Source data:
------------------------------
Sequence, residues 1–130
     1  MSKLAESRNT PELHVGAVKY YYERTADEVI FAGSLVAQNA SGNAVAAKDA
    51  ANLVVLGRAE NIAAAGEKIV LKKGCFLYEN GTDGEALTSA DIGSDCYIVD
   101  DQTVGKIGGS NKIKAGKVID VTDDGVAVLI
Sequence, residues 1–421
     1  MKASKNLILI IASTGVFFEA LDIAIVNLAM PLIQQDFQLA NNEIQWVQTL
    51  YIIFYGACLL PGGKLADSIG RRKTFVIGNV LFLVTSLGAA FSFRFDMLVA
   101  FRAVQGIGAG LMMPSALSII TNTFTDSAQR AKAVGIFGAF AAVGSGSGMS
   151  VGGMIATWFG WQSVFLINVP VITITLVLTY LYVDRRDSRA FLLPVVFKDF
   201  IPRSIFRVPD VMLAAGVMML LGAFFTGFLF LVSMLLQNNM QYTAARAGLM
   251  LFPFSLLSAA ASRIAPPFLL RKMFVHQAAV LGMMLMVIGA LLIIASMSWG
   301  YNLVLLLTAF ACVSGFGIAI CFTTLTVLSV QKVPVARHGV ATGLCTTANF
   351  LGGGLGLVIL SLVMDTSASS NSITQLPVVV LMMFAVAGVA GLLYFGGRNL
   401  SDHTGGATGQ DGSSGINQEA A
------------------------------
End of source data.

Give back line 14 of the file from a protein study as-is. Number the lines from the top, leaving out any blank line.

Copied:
   401  SDHTGGATGQ DGSSGINQEA A